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Apple and prosciutto pair with Brussels sprouts in this fall recipe

For apple season, here’s a savory way to use the versatile fruit.
Brussels sprouts with apple and prosciutto, served with pork tenderloin. [MICHELLE STARK | Tampa Bay Times]
Published Sep. 24

Sept. 23 marked the first day of fall, and with it our desire to go all in on everything the season brings. I saw a robust assemblage of squash at my local grocery store the other day; there is no turning back now.

Apples are growing on trees in places that are not Florida, which means our supermarkets are full of different varieties.

The fruit comes in many different sizes and flavors, from the super tart Granny Smith to the very sweet McIntosh to the more mellow Galas, which are ideal for baking. Because of this, apples are extremely versatile, able to be mashed or sauteed or matchsticked to accompany a variety of dishes.

I’m already making plans for caramel-covered apple pie bars later on this fall, but this week’s recipe uses apples in a savory preparation.

Their natural sweetness and crunchy texture make them a natural contrast for salty meats, and for vegetables in the Brassica family — broccoli, cauliflower, cabbage and Brussels sprouts.

It didn’t take long to get from there to here: apples and prosciutto and Brussels, a holy culinary triumvirate if there ever was one.

The prosciutto represents any sort of porky cured meat, meaning pancetta or even finely diced ham would work just as well. Also, bacon. What you need is the salt and the fat, which helps render apples and Brussels into a flavor bomb of a side dish.

This recipe is simple, even for a weeknight dinner, but there is one trick: Take the time to slice your Brussels sprouts and your apples into relatively equal pieces. The slices should be pretty thin to ensure they caramelize evenly and cook quickly.

Add a dash of autumnal spice to the mixture with cinnamon and nutmeg, and don’t be afraid to drizzle in more olive oil as the pan dries out. You want some nice crispy bits to counteract the soft cooked texture of the apple.

I like to serve this dish alongside more pork, preferably a tenderloin or chops, but it would also work well as its own bowl, maybe dotted with goat cheese or thick shavings of Parmesan. I think it would even make for a fine room temperature side dish at a potluck, kind of a hearty salad.

Heck, you might even consider hosting a potluck, just so you can make this recipe.

Brussels Sprouts with Apple and Prosciutto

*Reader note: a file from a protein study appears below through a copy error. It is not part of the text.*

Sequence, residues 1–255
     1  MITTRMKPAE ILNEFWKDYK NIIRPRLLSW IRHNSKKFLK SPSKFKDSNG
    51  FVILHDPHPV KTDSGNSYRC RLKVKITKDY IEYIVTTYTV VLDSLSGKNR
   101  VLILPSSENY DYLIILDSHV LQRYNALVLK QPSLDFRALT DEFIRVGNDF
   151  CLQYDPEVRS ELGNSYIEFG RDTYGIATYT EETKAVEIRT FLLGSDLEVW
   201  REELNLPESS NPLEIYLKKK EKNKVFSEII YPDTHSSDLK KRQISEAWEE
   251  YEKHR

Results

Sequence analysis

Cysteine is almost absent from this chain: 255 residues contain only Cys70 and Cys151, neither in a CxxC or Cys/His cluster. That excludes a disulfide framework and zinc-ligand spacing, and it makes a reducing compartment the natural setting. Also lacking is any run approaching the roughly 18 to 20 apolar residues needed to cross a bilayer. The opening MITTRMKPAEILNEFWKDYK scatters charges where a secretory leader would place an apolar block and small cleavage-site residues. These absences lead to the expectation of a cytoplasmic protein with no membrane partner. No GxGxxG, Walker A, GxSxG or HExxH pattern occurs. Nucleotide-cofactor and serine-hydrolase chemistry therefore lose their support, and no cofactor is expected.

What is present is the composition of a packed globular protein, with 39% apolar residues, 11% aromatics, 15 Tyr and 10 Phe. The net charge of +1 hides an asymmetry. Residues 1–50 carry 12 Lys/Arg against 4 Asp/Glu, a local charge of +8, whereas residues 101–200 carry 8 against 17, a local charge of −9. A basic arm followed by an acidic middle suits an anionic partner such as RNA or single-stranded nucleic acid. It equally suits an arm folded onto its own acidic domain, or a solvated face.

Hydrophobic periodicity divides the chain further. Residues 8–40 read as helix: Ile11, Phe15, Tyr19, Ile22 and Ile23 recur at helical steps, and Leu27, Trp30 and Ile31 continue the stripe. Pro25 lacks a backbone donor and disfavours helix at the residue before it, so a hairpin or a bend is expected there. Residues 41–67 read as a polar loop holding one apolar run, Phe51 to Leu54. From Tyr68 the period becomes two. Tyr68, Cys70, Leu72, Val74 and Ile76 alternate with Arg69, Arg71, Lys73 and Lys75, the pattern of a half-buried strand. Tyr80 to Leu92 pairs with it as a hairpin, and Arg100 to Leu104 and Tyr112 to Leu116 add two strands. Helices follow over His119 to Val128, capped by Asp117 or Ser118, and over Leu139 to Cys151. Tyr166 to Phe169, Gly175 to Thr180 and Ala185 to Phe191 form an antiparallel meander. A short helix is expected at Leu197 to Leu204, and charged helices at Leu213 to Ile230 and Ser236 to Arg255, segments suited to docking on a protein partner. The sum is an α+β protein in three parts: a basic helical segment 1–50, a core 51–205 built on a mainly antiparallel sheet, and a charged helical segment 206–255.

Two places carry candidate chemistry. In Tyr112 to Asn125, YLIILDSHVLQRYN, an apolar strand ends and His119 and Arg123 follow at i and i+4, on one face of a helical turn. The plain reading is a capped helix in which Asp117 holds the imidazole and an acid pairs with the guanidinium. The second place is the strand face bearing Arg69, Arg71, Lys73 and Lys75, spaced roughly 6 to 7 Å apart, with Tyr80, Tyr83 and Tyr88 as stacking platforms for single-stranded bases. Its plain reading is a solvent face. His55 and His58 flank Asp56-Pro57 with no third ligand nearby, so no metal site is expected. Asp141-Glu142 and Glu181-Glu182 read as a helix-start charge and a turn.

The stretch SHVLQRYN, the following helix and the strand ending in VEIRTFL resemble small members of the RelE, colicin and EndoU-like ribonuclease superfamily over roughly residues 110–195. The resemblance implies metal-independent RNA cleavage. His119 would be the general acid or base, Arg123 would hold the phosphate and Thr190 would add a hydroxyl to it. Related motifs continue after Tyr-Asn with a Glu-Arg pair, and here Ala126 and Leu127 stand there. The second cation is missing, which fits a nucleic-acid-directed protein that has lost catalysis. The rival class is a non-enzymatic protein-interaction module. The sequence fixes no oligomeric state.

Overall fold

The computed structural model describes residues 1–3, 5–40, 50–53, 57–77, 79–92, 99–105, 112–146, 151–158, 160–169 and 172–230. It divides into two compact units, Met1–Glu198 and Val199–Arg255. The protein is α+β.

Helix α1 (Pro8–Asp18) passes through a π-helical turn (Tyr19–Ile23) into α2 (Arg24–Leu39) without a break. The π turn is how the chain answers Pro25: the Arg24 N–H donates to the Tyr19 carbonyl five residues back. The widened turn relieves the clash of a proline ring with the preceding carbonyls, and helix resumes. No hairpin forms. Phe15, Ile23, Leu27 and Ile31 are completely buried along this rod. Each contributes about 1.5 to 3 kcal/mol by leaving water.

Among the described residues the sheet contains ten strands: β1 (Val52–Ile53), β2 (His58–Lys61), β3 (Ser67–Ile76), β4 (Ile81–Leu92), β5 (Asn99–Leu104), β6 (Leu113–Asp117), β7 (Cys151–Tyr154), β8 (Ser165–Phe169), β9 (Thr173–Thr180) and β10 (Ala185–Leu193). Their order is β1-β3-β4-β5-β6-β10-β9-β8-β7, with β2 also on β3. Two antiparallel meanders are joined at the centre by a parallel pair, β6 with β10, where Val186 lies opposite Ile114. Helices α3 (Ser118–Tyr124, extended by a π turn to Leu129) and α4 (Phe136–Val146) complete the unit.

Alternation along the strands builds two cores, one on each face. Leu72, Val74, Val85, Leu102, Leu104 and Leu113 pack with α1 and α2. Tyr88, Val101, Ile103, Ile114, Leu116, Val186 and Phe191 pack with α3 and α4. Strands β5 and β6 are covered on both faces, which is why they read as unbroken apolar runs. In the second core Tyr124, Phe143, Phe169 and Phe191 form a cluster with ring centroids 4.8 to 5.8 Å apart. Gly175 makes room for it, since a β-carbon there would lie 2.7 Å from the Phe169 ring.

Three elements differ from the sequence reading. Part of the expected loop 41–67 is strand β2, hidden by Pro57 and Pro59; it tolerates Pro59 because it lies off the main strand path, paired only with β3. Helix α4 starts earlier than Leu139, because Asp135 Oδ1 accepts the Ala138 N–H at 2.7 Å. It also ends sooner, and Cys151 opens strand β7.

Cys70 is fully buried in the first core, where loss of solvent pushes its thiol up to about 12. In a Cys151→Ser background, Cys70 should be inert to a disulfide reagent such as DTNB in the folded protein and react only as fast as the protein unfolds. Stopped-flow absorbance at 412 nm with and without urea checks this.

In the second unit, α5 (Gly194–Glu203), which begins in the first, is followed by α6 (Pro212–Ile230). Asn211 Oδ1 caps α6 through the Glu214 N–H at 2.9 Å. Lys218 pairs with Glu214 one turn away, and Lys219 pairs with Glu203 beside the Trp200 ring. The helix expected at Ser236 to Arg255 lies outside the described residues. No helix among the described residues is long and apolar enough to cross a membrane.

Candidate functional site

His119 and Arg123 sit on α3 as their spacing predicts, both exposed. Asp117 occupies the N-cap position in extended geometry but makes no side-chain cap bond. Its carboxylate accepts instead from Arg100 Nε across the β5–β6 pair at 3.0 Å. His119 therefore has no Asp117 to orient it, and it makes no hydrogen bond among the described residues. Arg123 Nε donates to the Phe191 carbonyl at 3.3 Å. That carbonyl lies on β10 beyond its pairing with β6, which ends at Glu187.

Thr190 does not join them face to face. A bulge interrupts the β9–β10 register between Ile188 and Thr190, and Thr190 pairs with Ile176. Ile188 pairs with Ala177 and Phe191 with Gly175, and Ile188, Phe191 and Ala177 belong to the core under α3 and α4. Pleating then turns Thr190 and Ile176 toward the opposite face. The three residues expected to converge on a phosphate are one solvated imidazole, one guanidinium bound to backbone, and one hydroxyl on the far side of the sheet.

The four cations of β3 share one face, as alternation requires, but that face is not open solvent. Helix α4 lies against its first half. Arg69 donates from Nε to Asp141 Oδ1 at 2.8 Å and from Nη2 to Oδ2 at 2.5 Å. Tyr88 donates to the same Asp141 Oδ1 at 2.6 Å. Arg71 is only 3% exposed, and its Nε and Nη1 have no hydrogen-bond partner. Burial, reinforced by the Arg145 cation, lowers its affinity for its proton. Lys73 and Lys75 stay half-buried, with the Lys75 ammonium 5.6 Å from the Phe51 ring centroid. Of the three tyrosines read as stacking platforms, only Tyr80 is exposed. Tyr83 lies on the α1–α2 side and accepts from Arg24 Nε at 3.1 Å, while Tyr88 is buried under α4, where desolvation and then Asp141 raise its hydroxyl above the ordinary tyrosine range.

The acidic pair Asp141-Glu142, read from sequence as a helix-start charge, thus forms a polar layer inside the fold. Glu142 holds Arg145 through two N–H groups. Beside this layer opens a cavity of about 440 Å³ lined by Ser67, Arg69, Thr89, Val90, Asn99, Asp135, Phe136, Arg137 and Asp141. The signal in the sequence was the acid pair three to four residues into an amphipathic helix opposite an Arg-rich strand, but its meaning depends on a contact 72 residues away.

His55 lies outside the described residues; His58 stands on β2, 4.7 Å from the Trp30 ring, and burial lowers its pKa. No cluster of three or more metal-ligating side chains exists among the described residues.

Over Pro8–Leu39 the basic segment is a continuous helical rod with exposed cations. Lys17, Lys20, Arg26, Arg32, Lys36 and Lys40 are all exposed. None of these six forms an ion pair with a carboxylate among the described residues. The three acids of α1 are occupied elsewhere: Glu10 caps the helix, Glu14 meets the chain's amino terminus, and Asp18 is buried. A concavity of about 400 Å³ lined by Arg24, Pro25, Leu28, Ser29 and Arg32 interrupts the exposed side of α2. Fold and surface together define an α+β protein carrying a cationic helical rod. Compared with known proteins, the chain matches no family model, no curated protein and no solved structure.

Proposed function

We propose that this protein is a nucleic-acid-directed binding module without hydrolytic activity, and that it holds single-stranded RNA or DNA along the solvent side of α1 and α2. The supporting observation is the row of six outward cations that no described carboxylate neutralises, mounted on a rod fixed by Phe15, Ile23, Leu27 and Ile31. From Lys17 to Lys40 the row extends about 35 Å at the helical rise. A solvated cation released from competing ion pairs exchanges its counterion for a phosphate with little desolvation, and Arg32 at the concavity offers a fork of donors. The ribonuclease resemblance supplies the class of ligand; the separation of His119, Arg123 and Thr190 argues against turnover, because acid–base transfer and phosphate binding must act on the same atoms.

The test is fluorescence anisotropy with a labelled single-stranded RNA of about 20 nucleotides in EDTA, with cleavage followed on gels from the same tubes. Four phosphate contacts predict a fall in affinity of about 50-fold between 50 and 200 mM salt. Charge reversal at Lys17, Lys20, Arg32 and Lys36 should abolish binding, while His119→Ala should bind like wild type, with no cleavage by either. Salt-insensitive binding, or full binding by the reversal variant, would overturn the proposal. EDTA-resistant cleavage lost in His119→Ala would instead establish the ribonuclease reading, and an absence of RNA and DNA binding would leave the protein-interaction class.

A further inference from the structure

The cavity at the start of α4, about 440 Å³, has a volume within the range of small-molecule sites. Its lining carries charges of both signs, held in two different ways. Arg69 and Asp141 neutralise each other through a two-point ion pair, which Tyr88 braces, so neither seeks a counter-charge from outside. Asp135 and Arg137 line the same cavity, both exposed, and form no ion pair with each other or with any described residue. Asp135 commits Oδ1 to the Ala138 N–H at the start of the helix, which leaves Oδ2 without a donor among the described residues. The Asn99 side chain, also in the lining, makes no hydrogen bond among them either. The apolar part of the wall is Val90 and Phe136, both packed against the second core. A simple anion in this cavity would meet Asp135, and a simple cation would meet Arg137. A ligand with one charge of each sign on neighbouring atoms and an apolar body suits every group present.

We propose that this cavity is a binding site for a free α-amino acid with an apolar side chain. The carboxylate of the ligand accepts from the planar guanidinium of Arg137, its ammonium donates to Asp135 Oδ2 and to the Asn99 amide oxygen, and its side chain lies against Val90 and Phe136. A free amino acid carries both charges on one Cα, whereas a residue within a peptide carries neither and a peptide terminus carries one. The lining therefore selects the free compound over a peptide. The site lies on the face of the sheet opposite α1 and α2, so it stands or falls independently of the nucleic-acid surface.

Brussels sprouts with apple and prosciutto, served with pork tenderloin. [MICHELLE STARK | Tampa Bay Times]

2 ounces thinly sliced prosciutto

Extra-virgin olive oil

1 ½ pounds Brussels sprouts, trimmed and very thinly sliced

Kosher salt

Black pepper

1 garlic clove, grated

1 large Gala (or other sweet, red) apple, cored and thinly sliced about the same size as the Brussels sprouts

½ teaspoon cinnamon

¼ teaspoon nutmeg

¼ cup Dijon mustard

¼ cup white wine vinegar

2 tablespoons maple syrup

Stack prosciutto slices on top of one another. Cut stack in half crosswise, then layer stacks on top of one another. Thinly slice. Reserve about ¼ of the prosciutto and place the rest in a hot large skillet set over medium-high heat. Add about 1 tablespoon olive oil and stir, allowing the prosciutto to get nice and crispy.

Add Brussels sprouts and another 1 or 2 tablespoons olive oil. Season with 1 teaspoon each salt and pepper. Let cook for at least 5 minutes without stirring much, so the Brussels get a nice char. After about 5 minutes, add the garlic and stir to distribute the fat from the prosciutto and olive oil. Let cook another 5 minutes.

Add apples and cook, barely moving, until lightly browned and softer, about 5 minutes. Season with more salt and pepper, to taste. Stir in cinnamon and nutmeg. Taste and make sure seasonings are to your liking.

If Brussels and apples are pretty soft, turn off heat and move skillet to a cold burner. If they’re still pretty crunchy, cook for another 5 minutes or so.

Meanwhile, whisk together the mustard, vinegar and maple syrup. With the pan off the heat, add mixture to Brussels and stir gently.

Serve immediately.

Source: Michelle Stark, Tampa Bay Times

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